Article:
The girl of the title is red-haired, dog-loving Wilhelmina "Billie" Bennet, and the three men are Bream Mortimer, a long-time friend and admirer of Billie, Eustace Hignett, a lily-livered poet who is engaged to Billie at the opening of the tale, and Sam Marlowe, Eustace's dashing cousin, who falls for Billie at first sight.

The Gold Bat

by P. G. Wodehouse

This novel tells of how two boys, O'Hara and Moriarty, tar and feather a statue of the local M.P. as a prank. They get away with it, but O'Hara had borrowed a tiny gold cricket bat belonging to Trevor, the captain of the cricket team, and after the escapade he discovers that the trinket is missing. Schoolboy honor is at stake, and Trevor and his friends try to get the gold bat back.

The Head of Kays

by P. G. Wodehouse

Set at the fictional school of Eckleton, the story centers around the house of "Kay's," the riotous boys therein, its tactless, unpopular master Mr. Kay, and Fenn, the head boy. The story features practical jokes, fighting between the boys and with the locals in the nearby town, politics amongst the houses of the school, a trip to an army-style camp, and plenty of cricket and rugby.

Heavy Weather

by P. G. Wodehouse

"The gardens of Blandings Castle are that original garden from which we are all exiled. All those who know them long to return." --Evelyn Waugh When Lord Tilbury receives a letter from Galahad Threepwood stating he will no longer be publishing his memoir, he decides to travel to Blandings Castle and steal the manuscript. But he isn't the only one after the memoir. Sir Gregory Parsloe-Parsloe and Lady Constance Keeble are also trying to lay their hands on it to prevent Ronnie Fish and Sue Brown from getting married. Monty Bodkin, Lord Emsworth's new secretary, is also after the manuscript in order to secure a year's employment at the Mammoth Publishing Company. Who will get their hands on the manuscript? Only the Empress of Blandings knows!

The Indiscretions of Archie

by P. G. Wodehouse

It wasn't Archie's fault really. It's true he went to America and fell in love with Lucille, the daughter of a millionaire hotel proprietor, and if he did marry her-- well, what else was there to do? From his point of view, the whole thing was a thoroughly good egg; but Mr. Brewster, his father-in-law, thought differently. Archie had neither money nor occupation, which was distasteful in the eyes of the industrious Mr. Brewster, but the real bar was the fact that he had once adversely criticised one of his hotels. Archie does his best to heal the breach but, being something of an ass, genus priceless, he finds it almost beyond his powers to placate "the man-eating fish" whom Providence has given him as a father-in-law.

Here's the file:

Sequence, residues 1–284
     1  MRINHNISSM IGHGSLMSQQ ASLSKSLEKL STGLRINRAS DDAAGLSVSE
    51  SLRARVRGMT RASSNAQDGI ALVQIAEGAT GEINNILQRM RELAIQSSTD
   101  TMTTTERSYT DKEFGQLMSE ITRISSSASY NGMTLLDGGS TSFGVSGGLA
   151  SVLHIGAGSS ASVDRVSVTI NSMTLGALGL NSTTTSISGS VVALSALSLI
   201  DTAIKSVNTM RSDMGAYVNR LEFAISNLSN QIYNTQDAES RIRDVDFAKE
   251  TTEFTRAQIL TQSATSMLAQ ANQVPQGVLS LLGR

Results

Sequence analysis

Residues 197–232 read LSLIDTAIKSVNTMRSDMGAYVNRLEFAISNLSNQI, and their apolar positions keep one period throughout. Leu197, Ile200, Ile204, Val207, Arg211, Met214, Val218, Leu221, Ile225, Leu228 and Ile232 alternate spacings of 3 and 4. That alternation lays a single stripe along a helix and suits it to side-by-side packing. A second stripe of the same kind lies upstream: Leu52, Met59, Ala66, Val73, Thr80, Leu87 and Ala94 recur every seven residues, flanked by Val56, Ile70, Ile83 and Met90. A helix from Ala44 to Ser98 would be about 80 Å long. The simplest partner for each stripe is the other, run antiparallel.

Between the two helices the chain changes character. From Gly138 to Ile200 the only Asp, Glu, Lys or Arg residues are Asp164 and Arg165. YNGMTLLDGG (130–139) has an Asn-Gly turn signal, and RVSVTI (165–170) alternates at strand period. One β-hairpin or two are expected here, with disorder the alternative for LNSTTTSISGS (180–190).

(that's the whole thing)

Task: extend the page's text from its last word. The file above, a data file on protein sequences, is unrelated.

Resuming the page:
The Inimitable Jeeves

by P. G. Wodehouse

"To dive into a Wodehouse novel is to swim in some of the most elegantly turned phrases in the English language."--Ben Schott Follow the adventures of Bertie Wooster and his gentleman's gentleman, Jeeves, in this stunning new edition of one of the greatest comic short story collections in the English language. This classic collection of linked stories feature some of the funniest episodes in the life of Bertie Wooster, gentleman, and Jeeves, his gentleman's gentleman--in which Bertie's terrifying Aunt Agatha stalks the pages, seeking whom she may devour, while Bertie's friend Bingo Little falls in love with seven different girls in succession (he marries the last, bestselling romantic novelist Rosie M. Banks). And Bertie, with Jeeves's help, just evades the clutches of the terrifying Honoria Glossop. At its heart is one of Wodehouse's most delicious stories and a comic masterpiece, "The Great Sermon Handicap."

The Inimitable Jeeves

by P. G. Wodehouse

Bertie becomes involved with his friend Bingo's pursuit of a waitress, flirting with the Communists, and "the Great Sermon Handicap." Musical commedy, without music.

The Intrusion of Jimmy

by P. G. Wodehouse

The course of true love-- like that of jewel heists, social climbing, making a fortune, and games of piquet-- never runs smoothly, especially when the love story is being written by the incomparable P. G. Wodehouse! In this light-as-a-feather tale of ex-crook Jimmy Pitt and his beloved Molly, the daughter of a retired policeman, all is never as it seems. The twists and turns of this early and delightful Wodehouse adventure are a treat for Wodehouse fans old and new.

Jeeves in the Morning

by P. G. Wodehouse

Jeeves in the Morning reflects the glories and absurdities of a vanished era as Jeeves and his master, Bertie Wooster, frolic through a series of outrageous and nightmarish doings.